Finally, open sandals and sneakers allow sand, small rocks, and other debris to get under your feet, which is super uncomfortable. Depending on the substrate of the stream you’re fishing, you could spend a lot of time trying to get that junk out of your shoes.

There are two ways to solve these problems: wear a shoe specifically designed for wet-wading or an actual wading boot. The new PRO Approach Shoes are the end result of three years of testing in the field, and they feature the best technology available in wet-wading shoes. The Michelin Outdoor Extreme rubber outsoles are sticky and solid enough to keep you upright, a rubber bumper system protects the toes, and the integrated Ariaprene® sock prevents debris from entering the shoe while providing excellent ankle support and breathability. To learn more about the Approach Shoes, watch this excellent interview with their designer, Jim Kershaw.

Ultralight Wading Boots, with studs in the soles, paired with neoprene wading socks offer stability and grip.

I would love to wear these new shoes, but an old soccer injury has left me with a dumb, arthritic, bulbous big toe that requires me to wear a much stiffer shoe. I wear a pair of Ultralight Wading Boots paired with neoprene socks. This setup affords me the stability I need, solves the three problems listed above, and allows me to add metal studs to the soles for even better traction. The neoprene sock makes the boots fit more snugly and does keep my feet warm when I’m wading in very cold water, such as below a bottom-release dam. I don’t look as cool as my colleagues sporting the Approach Shoes, but I can scamper around on slippery rocks with ease.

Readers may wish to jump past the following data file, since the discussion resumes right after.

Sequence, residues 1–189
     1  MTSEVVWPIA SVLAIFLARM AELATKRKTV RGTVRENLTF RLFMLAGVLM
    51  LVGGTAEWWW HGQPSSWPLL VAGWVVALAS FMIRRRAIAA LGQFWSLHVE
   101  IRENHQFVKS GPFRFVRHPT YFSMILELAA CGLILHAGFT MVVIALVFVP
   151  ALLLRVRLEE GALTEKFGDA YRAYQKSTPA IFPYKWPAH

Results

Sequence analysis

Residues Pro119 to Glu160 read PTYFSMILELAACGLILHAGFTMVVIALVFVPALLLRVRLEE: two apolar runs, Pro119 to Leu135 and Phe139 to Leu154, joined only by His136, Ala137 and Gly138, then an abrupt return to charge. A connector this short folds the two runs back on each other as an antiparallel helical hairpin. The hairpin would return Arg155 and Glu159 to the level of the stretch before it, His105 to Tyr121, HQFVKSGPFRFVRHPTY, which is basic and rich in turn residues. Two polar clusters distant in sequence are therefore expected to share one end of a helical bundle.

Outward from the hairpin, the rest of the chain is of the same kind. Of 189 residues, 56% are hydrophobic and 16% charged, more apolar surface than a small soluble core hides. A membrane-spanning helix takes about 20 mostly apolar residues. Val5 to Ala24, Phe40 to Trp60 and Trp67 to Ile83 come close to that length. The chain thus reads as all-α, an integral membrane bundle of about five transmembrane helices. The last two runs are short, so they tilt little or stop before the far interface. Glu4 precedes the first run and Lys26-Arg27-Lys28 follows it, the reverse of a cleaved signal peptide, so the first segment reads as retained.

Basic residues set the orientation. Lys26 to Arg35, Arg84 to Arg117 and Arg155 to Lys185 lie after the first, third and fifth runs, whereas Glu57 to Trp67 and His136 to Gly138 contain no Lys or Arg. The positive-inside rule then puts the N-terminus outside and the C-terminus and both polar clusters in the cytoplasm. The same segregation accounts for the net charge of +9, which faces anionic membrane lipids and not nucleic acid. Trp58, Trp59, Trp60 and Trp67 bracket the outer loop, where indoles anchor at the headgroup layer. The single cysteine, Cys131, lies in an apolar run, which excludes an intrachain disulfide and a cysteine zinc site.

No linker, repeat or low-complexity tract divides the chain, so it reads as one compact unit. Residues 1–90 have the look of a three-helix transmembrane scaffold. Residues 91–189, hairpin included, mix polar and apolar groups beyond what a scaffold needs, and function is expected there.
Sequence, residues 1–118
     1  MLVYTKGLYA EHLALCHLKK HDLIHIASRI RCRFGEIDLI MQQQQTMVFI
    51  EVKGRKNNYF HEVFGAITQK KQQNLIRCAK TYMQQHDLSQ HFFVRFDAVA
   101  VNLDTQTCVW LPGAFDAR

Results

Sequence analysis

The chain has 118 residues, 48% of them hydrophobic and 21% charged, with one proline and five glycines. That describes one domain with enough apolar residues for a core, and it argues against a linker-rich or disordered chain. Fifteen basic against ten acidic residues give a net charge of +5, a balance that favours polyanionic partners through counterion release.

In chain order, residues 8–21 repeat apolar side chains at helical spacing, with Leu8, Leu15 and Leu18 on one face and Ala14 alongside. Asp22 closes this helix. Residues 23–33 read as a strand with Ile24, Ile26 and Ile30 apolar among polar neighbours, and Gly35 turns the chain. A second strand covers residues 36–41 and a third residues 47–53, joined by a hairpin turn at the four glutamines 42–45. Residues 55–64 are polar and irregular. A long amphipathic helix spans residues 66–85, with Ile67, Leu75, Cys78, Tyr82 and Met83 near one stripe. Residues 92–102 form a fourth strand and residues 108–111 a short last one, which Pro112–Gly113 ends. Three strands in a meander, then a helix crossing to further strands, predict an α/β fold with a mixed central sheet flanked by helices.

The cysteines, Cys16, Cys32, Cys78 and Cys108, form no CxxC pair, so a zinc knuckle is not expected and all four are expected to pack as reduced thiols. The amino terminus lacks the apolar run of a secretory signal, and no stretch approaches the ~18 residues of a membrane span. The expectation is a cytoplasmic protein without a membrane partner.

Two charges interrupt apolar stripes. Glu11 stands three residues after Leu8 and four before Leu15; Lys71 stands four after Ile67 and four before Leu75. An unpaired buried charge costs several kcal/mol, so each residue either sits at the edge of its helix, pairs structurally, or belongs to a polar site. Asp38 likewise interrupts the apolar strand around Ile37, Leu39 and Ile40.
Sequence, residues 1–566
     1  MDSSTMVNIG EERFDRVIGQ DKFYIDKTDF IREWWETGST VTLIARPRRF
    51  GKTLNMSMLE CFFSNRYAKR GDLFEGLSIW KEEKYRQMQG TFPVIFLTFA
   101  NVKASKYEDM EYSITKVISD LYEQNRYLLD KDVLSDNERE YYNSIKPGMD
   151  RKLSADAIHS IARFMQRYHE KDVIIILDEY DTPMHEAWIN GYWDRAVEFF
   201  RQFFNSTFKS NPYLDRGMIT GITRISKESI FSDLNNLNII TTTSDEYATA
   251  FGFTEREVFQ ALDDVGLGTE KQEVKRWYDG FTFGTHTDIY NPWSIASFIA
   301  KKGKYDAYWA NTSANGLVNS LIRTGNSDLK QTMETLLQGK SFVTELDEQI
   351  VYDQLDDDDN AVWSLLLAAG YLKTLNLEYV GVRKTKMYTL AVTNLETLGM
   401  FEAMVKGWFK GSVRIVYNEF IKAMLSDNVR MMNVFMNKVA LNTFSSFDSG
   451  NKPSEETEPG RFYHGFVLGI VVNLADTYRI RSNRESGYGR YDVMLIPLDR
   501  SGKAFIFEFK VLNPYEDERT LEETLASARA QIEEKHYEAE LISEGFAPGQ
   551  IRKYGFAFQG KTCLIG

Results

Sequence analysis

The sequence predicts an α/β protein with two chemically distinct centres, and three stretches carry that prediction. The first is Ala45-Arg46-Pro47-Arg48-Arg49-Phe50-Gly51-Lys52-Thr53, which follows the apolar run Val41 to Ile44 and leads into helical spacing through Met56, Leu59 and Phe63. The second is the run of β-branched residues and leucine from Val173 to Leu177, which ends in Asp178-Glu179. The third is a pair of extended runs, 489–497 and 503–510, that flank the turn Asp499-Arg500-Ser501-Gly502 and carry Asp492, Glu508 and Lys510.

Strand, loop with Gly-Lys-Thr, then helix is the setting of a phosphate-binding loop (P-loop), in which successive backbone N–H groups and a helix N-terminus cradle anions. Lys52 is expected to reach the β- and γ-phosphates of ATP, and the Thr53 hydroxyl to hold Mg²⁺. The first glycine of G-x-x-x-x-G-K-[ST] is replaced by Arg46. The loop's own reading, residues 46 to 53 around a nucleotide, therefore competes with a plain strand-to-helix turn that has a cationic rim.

Shorts and Pants

Chrissy hooks up in a deep slot between boulders.

I enjoy wearing shorts as much as possible when I wet-wade because I love the feel of the water against my skin, and it’s easier to go for a post-fishing dip on really hot days. Pants become a better option when the bugs are really bad or when you don’t want to slather up with sunscreen. Either way, you want the shorts or pants to be made of lightweight, quick-drying material. Even in midsummer–especially in the Rockies–the weather can change quickly. You don’t want to be wearing wet pants when the temperature plummets and a hailstorm kicks up. That’s a recipe for hypothermia, and it’s simply uncomfortable.